Real Estate
winter 2018





How parents are financing their children’s home

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With all-cash offers dominating the housing market in some highly competitive cities, first-time homebuyers are finding themselves shut out of negotiations, particularly for the more affordable and in-demand starter homes.

Saving enough for a down payment and closing costs has always been a challenge for young home buyers. But in tight real estate markets, the old standby of 20 percent down with a traditional mortgage loan isn’t enough to win a home.

These kids might once have looked to mom or dad for help with a down payment, but now they’re approaching their parents with a much bigger request: enough funds to make a full cash offer.

That means instead of ponying up some extra cash, parents today are extending a dramatic new kind of helping hand. They’re refinancing their own homes to fund the full cost of their child’s home purchase. In turn, their son or daughter agrees to mortgage their own newly acquired property and pay their parents back in one lump sum.

Potential pitfalls
Families interested in pursuing this kind of mortgage “trade” should consult with several advisors well in advance. In addition to the legal protections parents may want in place to ensure their son or daughter actually pays them back, other considerations such as gift taxes, refinance waiting periods, and loan qualifications may come into play.

Money always has the potential to create family conflict, and you don’t want any unpleasant surprises cropping up. Imagine, for instance, your son or daughter pays well over appraisal value to win his or her new home. It’s unlikely a lender will remortgage the property for more than the appraised value, leaving a financial gap in the amount your child can pay back.

Under advisement
For safety’s sake, be transparent with your lenders or consider working with one designated banker who understands and supports the full arrangement, from the parents’ mortgage loan through the child’s refinance.

Parents should also feel comfortable asking to vet their child’s financial position before entering into such an arrangement. Some may even want to negotiate a stake in future real estate gains, in exchange for their investment and risk. Consult a lawyer for help in setting up special requirements, payment plans and other terms.

Ready to pay
In hot real estate markets, sellers have the leverage and are free to turn up their nose at contingency offers. Housing stocks are down, and in many communities bidding wars are the new normal.

Buyer with the all-cash resources to get the deal done, and get it done fast, are rising to the top in negotiations. Sellers prefer cash offers because they eliminate the typical 30 to 60 day waiting period for traditional mortgage loans and reduce the chance buyers will walk away from the deal.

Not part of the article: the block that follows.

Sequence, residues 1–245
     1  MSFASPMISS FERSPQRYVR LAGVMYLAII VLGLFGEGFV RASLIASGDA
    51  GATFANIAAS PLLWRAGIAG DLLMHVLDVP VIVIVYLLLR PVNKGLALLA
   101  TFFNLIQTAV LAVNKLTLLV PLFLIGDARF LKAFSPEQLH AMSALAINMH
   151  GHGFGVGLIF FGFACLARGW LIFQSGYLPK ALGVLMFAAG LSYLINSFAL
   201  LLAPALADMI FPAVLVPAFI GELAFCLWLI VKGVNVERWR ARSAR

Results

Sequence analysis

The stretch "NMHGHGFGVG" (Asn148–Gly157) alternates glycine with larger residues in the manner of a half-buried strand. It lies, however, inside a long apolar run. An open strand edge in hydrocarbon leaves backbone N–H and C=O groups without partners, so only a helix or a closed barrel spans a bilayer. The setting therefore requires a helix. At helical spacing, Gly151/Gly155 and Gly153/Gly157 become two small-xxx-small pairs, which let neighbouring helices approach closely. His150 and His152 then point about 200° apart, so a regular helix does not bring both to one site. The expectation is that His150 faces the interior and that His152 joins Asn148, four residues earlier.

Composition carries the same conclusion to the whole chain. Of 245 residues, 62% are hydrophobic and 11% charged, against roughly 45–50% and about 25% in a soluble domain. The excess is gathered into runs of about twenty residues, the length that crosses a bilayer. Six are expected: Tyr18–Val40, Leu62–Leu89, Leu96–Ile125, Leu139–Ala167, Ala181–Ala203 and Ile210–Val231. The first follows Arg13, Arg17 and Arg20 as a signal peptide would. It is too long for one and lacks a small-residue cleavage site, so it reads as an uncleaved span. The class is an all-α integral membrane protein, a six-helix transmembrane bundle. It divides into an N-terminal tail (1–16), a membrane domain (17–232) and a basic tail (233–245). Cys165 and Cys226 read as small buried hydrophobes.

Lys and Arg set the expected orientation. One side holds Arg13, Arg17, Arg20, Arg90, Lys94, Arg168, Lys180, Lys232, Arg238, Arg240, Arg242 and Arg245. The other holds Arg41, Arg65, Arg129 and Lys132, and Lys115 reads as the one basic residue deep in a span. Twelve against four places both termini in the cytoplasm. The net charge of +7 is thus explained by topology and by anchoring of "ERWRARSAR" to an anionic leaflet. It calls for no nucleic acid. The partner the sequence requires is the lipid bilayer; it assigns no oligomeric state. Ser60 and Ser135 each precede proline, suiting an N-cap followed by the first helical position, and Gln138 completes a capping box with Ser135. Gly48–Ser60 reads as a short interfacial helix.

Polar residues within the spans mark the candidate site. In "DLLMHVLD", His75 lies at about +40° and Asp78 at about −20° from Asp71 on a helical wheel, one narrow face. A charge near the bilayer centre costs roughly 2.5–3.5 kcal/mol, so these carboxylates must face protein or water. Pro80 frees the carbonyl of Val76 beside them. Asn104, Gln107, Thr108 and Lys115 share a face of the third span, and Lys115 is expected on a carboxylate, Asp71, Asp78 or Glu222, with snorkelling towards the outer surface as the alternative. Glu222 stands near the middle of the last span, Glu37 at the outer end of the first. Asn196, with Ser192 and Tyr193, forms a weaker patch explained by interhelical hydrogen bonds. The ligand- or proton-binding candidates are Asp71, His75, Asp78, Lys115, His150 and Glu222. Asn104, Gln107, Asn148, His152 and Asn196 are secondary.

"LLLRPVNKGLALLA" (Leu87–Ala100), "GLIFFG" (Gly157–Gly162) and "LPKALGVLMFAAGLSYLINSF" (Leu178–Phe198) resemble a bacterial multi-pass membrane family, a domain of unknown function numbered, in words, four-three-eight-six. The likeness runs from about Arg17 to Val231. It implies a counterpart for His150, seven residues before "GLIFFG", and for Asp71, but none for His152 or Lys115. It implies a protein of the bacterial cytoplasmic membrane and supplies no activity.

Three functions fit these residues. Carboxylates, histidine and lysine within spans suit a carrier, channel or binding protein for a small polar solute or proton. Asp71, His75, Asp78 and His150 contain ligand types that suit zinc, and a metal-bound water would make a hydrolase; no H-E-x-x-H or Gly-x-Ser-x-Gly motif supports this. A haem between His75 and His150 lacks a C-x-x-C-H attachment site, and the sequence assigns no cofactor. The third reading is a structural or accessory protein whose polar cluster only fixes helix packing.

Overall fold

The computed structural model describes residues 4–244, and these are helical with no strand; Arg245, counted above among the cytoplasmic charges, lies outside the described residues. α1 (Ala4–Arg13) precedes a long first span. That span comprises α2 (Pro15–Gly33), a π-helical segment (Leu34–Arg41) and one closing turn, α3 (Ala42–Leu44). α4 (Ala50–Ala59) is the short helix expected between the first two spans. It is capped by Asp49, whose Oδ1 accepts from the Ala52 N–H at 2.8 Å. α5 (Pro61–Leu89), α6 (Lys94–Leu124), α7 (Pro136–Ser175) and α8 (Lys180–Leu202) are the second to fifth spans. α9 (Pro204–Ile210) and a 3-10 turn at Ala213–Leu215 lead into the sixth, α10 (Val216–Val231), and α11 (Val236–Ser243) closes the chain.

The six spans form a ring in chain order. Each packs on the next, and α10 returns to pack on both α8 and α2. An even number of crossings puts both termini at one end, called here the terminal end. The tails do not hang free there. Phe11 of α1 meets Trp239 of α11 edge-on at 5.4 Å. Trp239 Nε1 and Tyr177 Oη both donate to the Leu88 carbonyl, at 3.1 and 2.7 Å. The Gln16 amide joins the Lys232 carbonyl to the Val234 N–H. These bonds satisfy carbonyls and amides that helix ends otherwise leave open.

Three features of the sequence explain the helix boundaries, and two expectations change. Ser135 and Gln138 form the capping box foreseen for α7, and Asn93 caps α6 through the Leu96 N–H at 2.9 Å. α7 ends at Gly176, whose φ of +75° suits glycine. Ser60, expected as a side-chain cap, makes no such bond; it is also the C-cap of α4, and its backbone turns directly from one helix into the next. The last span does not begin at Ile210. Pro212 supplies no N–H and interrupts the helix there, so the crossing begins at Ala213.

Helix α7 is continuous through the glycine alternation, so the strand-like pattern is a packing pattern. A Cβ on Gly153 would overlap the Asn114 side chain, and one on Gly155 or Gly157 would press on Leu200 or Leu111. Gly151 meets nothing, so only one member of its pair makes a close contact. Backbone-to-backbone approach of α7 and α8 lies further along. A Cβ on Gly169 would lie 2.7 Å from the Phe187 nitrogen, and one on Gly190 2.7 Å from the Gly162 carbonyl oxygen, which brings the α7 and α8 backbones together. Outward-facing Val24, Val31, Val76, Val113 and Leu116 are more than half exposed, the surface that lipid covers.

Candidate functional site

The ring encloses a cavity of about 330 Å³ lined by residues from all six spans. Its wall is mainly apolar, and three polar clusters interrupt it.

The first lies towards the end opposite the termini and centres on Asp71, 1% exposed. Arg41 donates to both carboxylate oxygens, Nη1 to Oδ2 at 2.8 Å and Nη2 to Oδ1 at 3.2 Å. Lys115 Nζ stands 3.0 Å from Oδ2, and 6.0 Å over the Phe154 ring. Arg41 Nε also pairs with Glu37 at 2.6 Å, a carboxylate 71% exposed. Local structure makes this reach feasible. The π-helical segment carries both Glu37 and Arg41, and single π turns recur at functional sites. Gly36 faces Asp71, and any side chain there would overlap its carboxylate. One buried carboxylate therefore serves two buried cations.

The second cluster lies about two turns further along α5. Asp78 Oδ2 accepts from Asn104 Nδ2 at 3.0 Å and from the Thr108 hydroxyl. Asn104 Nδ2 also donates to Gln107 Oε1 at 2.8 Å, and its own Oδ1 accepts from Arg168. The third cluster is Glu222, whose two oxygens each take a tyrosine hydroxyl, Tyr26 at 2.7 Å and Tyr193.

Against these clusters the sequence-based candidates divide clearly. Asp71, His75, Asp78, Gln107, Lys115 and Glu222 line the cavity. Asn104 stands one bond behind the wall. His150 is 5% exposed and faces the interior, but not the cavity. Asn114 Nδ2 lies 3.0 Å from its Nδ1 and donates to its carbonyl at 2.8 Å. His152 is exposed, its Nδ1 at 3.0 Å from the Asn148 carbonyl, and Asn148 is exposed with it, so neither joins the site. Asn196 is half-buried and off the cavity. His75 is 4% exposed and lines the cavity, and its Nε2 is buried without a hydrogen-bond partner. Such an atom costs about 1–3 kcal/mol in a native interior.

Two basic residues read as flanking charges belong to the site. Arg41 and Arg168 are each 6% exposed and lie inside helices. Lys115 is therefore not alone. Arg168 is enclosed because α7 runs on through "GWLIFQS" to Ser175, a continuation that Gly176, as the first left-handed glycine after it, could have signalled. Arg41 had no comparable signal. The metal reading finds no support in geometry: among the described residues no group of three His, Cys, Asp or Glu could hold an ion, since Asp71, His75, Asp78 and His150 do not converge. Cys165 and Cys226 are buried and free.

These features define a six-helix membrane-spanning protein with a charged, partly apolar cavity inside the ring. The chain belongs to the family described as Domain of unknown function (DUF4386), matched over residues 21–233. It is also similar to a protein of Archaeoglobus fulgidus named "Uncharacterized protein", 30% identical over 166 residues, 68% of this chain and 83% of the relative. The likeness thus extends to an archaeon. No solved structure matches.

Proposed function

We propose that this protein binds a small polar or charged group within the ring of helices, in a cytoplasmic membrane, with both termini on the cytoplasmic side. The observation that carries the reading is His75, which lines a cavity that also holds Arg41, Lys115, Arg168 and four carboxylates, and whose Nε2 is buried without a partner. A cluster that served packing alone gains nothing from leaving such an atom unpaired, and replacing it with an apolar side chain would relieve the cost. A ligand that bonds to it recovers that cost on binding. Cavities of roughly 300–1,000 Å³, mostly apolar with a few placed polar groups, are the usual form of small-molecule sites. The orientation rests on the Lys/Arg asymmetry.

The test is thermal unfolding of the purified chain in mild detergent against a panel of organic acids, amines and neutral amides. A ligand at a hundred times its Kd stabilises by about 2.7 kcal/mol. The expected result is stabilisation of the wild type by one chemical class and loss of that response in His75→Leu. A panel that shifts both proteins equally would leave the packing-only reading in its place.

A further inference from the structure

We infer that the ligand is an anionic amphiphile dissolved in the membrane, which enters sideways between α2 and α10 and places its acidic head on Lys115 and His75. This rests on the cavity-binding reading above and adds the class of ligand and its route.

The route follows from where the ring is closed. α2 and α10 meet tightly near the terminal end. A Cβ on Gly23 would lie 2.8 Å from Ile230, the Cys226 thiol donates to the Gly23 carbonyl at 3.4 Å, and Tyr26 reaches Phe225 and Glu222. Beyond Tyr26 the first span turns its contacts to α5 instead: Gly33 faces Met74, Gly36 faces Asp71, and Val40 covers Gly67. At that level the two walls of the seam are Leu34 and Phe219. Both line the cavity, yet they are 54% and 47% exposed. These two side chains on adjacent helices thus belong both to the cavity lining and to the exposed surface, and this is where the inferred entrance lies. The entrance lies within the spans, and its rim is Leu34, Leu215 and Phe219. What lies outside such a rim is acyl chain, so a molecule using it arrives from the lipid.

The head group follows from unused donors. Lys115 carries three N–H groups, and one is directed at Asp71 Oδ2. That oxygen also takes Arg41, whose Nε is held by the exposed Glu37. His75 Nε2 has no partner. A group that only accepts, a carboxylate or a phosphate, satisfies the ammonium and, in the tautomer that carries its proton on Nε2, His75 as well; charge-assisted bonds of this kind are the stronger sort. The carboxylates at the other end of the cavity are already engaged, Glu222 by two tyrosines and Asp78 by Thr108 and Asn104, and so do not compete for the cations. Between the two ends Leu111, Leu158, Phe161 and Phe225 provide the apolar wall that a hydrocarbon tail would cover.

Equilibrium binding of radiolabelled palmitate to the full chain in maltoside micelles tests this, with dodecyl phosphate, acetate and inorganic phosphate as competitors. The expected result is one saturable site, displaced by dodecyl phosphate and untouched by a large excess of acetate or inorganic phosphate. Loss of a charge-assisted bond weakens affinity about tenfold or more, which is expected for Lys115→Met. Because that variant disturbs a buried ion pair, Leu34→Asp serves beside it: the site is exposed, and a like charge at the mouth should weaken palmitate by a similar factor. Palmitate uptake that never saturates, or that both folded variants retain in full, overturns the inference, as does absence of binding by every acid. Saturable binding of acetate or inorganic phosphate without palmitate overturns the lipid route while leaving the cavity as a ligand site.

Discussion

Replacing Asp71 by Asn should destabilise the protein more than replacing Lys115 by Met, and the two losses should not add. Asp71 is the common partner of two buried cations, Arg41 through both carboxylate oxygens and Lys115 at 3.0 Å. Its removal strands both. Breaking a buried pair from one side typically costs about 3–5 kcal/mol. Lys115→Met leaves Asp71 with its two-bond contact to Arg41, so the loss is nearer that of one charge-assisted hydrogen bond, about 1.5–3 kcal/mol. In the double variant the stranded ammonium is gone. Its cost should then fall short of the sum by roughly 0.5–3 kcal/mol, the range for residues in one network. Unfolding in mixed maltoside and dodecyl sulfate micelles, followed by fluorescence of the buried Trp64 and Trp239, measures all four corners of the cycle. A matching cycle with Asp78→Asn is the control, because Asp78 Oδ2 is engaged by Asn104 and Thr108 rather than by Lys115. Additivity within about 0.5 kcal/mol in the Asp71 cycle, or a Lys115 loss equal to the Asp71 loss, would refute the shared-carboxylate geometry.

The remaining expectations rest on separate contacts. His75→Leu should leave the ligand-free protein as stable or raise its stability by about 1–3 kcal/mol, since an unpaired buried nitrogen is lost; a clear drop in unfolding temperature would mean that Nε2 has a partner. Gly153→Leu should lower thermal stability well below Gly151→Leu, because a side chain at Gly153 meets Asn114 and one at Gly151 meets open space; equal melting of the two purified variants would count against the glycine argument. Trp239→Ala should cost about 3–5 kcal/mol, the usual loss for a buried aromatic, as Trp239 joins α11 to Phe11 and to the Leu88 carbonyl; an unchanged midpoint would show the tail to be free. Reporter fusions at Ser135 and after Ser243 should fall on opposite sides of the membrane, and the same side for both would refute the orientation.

Families interested in pursuing this kind of mortgage “trade” should consult with several advisors well in advance. In addition to the legal protections parents may want in place to ensure their son or daughter actually pays them back, other considerations such as gift taxes, refinance waiting periods, and loan qualifications may come into play.

 


 

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Tips for choosing your next mortgage lender

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Home buyers today have a variety of options when it comes to finding a mortgage lender. They can choose a traditional face-to-face relationship with a lender at their local bank, opt for a mortgage broker who will shop the best deals for them, or go it online with a range of non-bank lenders, such as Quicken Loans, Rocket Mortgage, or Lenda.

Be aware, however, that more than a quarter of first-time home buyers regret their choice. According to a mortgage satisfaction study by J.D. Power, 27 percent of first-time buyers and 21 percent of all home buyers wish they had chosen an alternate lender.

Customers reported dissatisfaction with communication, unmet promises, and feeling pressured to choose a particular lending product.

To help you complete your next home loan experience without regret, here are some factors to consider beyond finding the lowest rate:

Speed: Ask lenders about estimated closing dates and work with a responsive lender who will get you to the closing table on time. Time-to-close can be a key negotiating factor in competitive real estate markets.


 

You simply need to consider your own temperament and comfort with the real estate lending process. Are you content to work with an online entity or do you want to sit down and chat with a local lender?

 


Experience: If you’re looking for a VA or other government loan, if you have bad credit, or if you are looking for a jumbo loan, seek out lenders that have experience in that area. You don’t want to be the one who helps your lender “learn on the job” for a specialized loan.

Portfolio lenders: These lenders keep mortgages in-house rather than reselling them on the secondary market. That means they often have more flexibility to finance non-traditional properties or to make exceptions for special factors, such as low credit scores or debt-to-income ratios.